Saturday, May 29, 2021


     So this is the outset of an extended weekend here in the Prozac Nation. There are two official holidays this year; one is Memorial Day, when honor our brave men and women in uniform who were heroically padlocking churches and enforcing travel bans until recently. The Junta has also created a new holiday celebrating their official mascot: an Opioid addict and brutal thug who, during the course of an otherwise routine crime, managed to get himself killed and so secured a multi-million dollar payout for his previously-estranged family and their (totally disinterested) Civil Rights' attorneys. 

   But rather than waste any time with any of this nonsense, we thought we'd invite the few dozen readers that we still have to do something constructive. As many of you know, a close associate of ours is a volunteer researcher on various unsolved 'cold cases.' He's asked if we could elicit the public's help on a really difficult case. It's one of those cases where it's very likely that someone has information that can help; but without that information it may not be likely that it gets solved. 

   This case began on December 1st, 1972, when a man hunting deer in what was then a rural part of Laurel, Maryland came across a human skeleton. The skeleton had been lying on top the ground and there wasn't much left of the remains. The Medical Examiner concluded that it had been there 6 months to a year or more. They were able to determine that it belonged to a White female, no older than 25 or so with reddish or red-blonde hair. She was the victim of a homicide. Dental records showed that she had work done years before, but at the time of her death had an infected tooth. 

   No one claimed or identified her and the case went nowhere. In the late 1980s, a forensic sculptor created a new composite, which unfortunately only a Black & White copy has ever been issued. 

   Again, no one came forward with any information. It wasn't until late 2018 that serial killer Samuel Little confessed to the murder. Investigators concluded that his confession was genuine, based on that Little vividly recalled the now-nonexistent  route to the murder scene and, apparently correctly identified what she was wearing which matched a few fragments of fabric recovered at the scene (but not made public)---as well as his own extensive criminal record which placed him in the area at the time. Little, however, never revealed her name; claiming to have 'forgotten' it in spite of stalking her for three days and remembering many other things quite clearly.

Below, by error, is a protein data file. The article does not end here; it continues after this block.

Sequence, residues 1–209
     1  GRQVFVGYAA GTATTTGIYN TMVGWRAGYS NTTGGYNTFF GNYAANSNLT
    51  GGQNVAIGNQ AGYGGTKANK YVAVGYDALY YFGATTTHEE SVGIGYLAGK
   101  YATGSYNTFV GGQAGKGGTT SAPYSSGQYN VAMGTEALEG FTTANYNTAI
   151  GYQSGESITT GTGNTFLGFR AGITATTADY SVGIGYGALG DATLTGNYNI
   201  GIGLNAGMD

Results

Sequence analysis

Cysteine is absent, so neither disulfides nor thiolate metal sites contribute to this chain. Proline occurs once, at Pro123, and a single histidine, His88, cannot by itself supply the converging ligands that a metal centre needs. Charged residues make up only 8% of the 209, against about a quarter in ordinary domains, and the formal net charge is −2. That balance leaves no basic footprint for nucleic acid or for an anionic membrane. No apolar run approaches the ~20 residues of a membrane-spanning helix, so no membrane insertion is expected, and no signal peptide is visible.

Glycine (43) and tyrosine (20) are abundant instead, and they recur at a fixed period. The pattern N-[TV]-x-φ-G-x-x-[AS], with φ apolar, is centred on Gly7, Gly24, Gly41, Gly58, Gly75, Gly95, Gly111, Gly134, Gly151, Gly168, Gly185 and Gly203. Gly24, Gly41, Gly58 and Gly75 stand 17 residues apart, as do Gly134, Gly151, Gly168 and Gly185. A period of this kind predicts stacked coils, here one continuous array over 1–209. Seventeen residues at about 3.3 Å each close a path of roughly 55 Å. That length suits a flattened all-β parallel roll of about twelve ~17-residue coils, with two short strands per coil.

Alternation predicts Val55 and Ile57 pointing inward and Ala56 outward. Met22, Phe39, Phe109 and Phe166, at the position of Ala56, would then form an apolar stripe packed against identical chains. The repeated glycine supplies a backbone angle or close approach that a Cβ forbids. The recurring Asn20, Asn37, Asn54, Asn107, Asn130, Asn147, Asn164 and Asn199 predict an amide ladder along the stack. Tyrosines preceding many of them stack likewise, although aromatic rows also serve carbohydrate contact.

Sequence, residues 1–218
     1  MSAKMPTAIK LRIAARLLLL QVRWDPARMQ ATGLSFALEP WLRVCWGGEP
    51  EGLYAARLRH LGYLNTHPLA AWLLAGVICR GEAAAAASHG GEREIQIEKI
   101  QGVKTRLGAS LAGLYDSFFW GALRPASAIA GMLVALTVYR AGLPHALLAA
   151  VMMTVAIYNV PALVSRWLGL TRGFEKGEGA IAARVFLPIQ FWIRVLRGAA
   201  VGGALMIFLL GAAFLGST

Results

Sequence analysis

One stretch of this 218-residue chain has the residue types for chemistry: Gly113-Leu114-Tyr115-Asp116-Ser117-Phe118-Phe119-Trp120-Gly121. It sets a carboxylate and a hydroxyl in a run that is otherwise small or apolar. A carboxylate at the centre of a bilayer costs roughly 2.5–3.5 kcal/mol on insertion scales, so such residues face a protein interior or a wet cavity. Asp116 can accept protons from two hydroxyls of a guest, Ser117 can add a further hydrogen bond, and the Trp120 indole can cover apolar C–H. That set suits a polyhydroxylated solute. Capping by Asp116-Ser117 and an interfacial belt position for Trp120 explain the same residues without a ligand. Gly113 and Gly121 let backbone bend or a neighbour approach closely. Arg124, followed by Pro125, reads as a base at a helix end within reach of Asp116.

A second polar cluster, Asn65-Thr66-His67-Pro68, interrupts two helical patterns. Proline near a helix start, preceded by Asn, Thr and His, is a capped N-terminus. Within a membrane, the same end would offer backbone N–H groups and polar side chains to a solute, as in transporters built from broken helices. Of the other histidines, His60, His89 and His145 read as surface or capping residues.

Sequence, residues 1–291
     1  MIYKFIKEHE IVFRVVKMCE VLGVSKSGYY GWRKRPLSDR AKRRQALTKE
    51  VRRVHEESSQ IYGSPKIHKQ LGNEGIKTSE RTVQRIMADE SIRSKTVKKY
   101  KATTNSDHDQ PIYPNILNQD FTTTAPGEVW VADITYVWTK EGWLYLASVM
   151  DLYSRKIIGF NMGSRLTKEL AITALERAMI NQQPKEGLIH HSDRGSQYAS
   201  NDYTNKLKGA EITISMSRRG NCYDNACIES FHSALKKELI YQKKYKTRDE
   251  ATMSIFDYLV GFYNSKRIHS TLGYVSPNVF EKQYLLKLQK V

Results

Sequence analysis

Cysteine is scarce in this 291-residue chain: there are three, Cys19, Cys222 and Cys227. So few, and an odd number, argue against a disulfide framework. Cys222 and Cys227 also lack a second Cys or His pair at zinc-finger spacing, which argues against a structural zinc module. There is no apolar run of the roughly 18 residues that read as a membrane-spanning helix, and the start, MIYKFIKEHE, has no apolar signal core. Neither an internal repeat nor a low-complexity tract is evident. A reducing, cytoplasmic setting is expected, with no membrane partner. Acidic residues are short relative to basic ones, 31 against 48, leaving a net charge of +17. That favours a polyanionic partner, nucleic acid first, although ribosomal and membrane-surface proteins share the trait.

"She wasn't a bad kid. She just met the wrong guy---me!" Little reportedly boasted to the investigators. He recalled being disappointed that it took so long to find the body because he'd hoped to read about it in the newspapers. The fiend went on to describe how she tearfully begged for her life before he choked her to death with his bare hands. 

   New information which Little was able to provide was that the victim was killed around May, 1972 and that he was giving her a ride from a Washington D.C. bus station where she had stopped to use a payphone. She was 19 years old, and was married, but was going through a bitter divorce. Apparently, the phone call was placed to her divorce attorney who announced it had been finalized the same day that Little killed her. He stated that she had recently had a baby and was originally from Massachusetts (he though from Springfield or possibly Salem). Little said that she was a prostitute (which is questionable since he referred to all women that way), and that he took to the murder site for consensual sex (which is also questionable given what Little's definition of 'consensual' likely was). 

   Little's confession narrowed down the times and places quite considerably, but not enough to form a basis of any meaningful research. There are no known reported Missing Persons whose descriptions more than tangentially match; and of course what happened to the baby is also an open question (there haven't been any reports of missing or murdered infants from that time or area either). Despite the apparent fact that the Doe was going through some rough times financially on account of the divorce (this was in the pre-'No Fault' era and Little's testimony implied that she had initiated the proceedings), she had some personal contacts. After 49 years, though, if anybody has any ideas, they need to speak up. 

      The agency in charge of the case is the Prince George's County Police Department which, to be fair, is underfunded and understaffed to be taking on many old cases. Also, to be fair, a nation that celebrates criminals like Samuel Little while prosecuting and defunding police officers for doing their jobs isn't likely to produce a work environment involving very much extra effort. However, reliable tips would be of great value because---despite the age of this crime---authorities do have viable DNA samples. The Medical Examiner's Office at 410-333-3250 is a good contact, or you can contact us in the comments and we'll help facilitate things. 

No comments:

Post a Comment